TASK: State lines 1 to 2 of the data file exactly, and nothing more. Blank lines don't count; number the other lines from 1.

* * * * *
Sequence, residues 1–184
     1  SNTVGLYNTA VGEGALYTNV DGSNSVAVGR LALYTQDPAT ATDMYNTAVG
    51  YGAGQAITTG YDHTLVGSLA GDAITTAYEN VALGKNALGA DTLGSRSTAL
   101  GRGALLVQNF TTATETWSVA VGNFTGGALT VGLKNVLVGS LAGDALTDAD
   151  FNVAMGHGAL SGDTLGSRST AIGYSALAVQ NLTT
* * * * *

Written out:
Sequence, residues 1–184
     1  SNTVGLYNTA VGEGALYTNV DGSNSVAVGR LALYTQDPAT ATDMYNTAVG